A friend of mine called me the other day to ask for advice on what services (email, voice, apps) he should use to run his business with the caveat being that he wanted to spend as little upfront capital as possible and also have minimal ongoing maintenance headaches. As I started thinking about his question, I remember what it was like setting up our office in 1998 and the headaches and cost of buying a Nortel phone system and phones and hiring a Microsoft networking expert to get our office set up for file sharing, back up, and email. What a nightmare! What was even worse was that we had to have this guy come in at least once a month for general maintenance. So when we moved in the beginning of 2004, I vowed to outsource as much as possible. In the end, here is what we did:
1. Exchange server - USA.net - pay monthly based on number of mailboxes and mailbox size and eliminates the headache of ongoing maintenance and backup. also can add mobile devices like Blackberry, Good-enabled, etc. and easily provision without cap x.
2. Voice-outsourced VOIP, we have a direct pipe to a local provider, we leased some Cisco phones, and once again no upfront cap x and lots of great functionality, we pay a base monthly fee for unlimited calling.
3. Security - we bought some Cisco gear but have a small IT firm as our managed service provider remotely monitoring and updating the software with the latest patches and release.
4. Connectivity = We are networked internally on Windows and have a shared drive where we can access files. In addition, we have a VPN for remote access to this share drive.
5. Productivity - Microsoft Office
Going back to my friend's question, if I could set up my office now, here is what I would do:
1. Exchange server - I hate exchange and I would bail on this as soon as I can. Instead, I would get all of my email and calendaring functionality through Google Apps for your domain - it is free and provides 2 gb of email, integrated calendaring with your email, chat and simple voice chat, and an ability to create simple web pages. Yes this is basic but it is easy. In addition, I expect a lot more to be offered once Jotspot is integrated along with some of the other basic Google Office apps such as word processing and spreadsheet functionality. My one big beef which is holding me back right now is the lack of simple syncing with wireless devices. There are some apps you can plug in to sync Google calendar but they still need some work.
2. Voice - if I want something more robust I would get a Fonality PBXtra for $995. If you choose to go the really simple route, the PC-only VOIP providers of today have come a long way since 2004. I am partial to Gizmo Project (wait for our new version which will be accessible through a browser - also, full disclosure, I am on the board) but Skype and other services can once again offer you pretty decent voice communications and functionality like the ability to buy your own phone number, call forwarding, and dual ringing on your computer or cell phone.
3. Security - not as important if your files are hosted offline and backed up remotely (try xdrive which is free for 5 gb or box.net (free for 1gb).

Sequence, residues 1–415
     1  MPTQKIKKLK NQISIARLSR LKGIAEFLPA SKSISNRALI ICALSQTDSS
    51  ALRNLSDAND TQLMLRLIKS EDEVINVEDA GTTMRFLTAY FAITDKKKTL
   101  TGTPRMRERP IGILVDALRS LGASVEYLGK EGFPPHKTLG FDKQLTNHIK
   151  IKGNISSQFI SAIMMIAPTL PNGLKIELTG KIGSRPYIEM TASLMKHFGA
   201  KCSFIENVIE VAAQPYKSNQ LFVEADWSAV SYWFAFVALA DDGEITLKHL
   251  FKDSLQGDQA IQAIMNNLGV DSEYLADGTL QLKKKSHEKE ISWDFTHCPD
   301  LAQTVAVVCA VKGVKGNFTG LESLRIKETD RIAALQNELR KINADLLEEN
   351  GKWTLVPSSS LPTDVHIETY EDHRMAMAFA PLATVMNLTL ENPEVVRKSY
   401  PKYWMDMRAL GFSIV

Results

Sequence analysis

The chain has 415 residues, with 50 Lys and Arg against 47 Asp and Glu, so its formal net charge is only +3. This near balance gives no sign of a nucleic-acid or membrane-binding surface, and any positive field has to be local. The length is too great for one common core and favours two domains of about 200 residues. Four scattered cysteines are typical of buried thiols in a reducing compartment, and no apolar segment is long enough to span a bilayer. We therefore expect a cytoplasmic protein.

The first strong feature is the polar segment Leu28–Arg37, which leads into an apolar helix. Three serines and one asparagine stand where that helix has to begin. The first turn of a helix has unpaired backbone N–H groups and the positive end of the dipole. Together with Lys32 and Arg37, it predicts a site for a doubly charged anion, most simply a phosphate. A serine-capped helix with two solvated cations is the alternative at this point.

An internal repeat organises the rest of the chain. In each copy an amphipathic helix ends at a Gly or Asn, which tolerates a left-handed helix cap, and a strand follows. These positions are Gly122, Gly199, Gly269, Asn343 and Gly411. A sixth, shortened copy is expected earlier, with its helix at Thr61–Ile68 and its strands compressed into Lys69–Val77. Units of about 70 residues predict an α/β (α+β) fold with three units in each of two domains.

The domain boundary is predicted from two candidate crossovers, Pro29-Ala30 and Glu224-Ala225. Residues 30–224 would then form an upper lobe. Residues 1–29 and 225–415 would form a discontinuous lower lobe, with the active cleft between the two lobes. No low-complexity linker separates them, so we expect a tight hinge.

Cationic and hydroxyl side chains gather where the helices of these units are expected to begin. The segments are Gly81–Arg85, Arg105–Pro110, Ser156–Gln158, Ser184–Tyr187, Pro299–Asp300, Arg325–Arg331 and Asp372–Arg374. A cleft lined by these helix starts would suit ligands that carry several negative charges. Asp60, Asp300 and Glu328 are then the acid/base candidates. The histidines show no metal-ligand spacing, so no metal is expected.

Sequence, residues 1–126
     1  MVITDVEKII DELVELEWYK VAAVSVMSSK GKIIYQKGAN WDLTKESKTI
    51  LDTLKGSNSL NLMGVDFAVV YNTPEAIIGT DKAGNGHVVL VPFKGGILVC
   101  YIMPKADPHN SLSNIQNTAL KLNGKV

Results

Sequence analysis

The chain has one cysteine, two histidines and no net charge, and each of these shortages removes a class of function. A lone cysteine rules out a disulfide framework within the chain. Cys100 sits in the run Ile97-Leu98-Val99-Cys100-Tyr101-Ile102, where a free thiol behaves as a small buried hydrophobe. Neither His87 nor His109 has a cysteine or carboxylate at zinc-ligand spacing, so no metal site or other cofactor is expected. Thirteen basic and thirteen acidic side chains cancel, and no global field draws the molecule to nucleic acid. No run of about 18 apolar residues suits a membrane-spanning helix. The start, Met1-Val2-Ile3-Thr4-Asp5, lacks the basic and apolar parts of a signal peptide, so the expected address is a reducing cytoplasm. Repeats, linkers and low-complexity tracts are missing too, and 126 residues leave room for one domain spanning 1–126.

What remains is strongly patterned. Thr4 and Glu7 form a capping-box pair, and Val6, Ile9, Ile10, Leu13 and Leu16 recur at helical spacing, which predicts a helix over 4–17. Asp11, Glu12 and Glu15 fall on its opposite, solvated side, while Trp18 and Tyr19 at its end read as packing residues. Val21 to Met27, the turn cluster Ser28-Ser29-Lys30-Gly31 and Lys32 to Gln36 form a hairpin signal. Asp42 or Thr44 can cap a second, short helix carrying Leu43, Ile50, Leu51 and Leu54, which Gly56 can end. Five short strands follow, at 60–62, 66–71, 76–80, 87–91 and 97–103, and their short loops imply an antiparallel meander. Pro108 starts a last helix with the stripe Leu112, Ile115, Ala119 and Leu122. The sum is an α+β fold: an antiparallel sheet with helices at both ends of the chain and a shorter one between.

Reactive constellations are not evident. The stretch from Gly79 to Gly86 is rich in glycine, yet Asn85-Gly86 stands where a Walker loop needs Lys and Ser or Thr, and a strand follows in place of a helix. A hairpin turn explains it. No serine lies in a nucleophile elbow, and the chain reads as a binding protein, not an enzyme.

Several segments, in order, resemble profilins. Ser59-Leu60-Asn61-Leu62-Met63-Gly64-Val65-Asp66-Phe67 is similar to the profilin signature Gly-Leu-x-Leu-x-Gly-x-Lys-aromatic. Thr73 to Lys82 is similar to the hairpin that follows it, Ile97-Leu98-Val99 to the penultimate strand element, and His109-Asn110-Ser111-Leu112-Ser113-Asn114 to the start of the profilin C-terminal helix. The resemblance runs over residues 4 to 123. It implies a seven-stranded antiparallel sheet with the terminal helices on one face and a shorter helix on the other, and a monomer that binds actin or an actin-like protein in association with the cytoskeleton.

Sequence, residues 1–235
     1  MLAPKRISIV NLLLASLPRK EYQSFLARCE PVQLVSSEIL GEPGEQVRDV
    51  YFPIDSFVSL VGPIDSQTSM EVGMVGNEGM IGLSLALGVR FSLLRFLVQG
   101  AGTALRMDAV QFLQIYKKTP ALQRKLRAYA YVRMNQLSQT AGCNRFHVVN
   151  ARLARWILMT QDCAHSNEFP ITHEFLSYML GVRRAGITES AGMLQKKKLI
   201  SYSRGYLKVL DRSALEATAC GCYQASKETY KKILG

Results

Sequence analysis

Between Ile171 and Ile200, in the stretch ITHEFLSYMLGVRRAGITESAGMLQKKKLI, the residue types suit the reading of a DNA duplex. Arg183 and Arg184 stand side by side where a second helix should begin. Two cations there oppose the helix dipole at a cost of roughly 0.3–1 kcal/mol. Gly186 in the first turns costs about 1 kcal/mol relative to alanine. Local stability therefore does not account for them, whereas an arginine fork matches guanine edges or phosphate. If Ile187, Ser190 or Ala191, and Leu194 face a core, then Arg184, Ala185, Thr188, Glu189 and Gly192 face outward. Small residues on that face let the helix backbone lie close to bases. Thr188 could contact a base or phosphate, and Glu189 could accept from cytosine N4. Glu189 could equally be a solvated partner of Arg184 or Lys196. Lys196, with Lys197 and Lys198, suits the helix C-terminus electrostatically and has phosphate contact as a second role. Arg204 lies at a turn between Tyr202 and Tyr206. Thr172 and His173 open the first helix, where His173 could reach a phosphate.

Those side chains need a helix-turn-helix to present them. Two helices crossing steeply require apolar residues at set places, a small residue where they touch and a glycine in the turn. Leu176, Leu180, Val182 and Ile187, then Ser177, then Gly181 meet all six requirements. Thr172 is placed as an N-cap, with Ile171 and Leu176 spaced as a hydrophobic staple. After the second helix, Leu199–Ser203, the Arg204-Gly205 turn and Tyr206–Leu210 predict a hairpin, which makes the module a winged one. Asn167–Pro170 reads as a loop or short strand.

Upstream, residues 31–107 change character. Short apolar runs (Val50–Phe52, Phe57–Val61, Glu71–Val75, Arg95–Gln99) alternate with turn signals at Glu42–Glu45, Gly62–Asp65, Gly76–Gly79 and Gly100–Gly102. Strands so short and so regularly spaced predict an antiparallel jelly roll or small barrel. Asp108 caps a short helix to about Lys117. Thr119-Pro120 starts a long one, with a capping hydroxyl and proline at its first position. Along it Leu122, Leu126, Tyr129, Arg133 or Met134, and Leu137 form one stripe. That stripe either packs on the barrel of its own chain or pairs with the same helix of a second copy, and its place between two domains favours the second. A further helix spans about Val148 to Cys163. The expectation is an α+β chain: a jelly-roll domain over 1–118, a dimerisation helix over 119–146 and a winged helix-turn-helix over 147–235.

4. Connectivity - a simple wifi network in the office can get you simple file sharing without an IT professional's help. If you want to collaborate with remote workers, you can use a wiki like Jotspot or Socialtext or some of the shared storage services I mention above. As far as remote acccess, no VPN is needed as a simple GoToMyPc account ($19.95 per pc per month) or LogMeIn (free for base functionality) can get you the access that you need without the headaches and upfront cost of a VPN.
5. Productivity-Microsoft Office but the online apps are getting better and in fact for collaboration or sharing would consider Google Office apps like spreadsheets and writely
What is amazing to me is how far and how fast we have come during the last 2 years. The big difference is that the functionality is even better and so is the price - mostly free! Given this, I wonder what we will be looking at 2 years from now? Yes, one problem is that all of the solutions I list above are dependent on having an Internet connection. What if I am not online and need access to my calendar or some office documents? Since this is a pretty clear problem, my prediction for 2007 is that online apps get better offline client like functionality. Maybe it will be the new Adobe Apollo platform that makes it happen for us? What is clear is that one of the benefits of SAAS for developers is that they don't have to code in multiple platforms. Once you start diving into the murky world of multiple operating systems and developing clients for Windows, Mac, and Linux, it can quickly become quite messy and resource intensive. That is why I also see 2007 as the year that offline apps become big as the Apollo platform is released and allows web developers to build an application on one platform that can be deployed cross operating system. Also keep an eye out for Microsoft's WPF/e (windows presentation framework everywhere see an earlier post for more info on wpf). This is a big deal and will help SAAS-based apps continue its upward trajectory and spread from consumers to SMBs and even further into enterprises. As an example, take a look at Jeff Nolan's recent post about how frustrated he is with Exchange and how GMail provides a nice alternative. With the ability to get my whole office set up with a few clicks, it is no wonder that Microsoft is running scared and embracing SAAS rather than fighting it.